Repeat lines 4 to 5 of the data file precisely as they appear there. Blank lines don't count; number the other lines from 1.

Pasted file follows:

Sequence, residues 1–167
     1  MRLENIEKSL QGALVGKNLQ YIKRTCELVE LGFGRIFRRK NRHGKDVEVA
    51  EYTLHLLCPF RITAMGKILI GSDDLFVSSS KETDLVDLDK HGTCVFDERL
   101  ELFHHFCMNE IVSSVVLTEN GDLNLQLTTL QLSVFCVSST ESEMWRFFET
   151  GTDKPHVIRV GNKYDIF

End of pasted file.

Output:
   101  ELFHHFCMNE IVSSVVLTEN GDLNLQLTTL QLSVFCVSST ESEMWRFFET
   151  GTDKPHVIRV GNKYDIF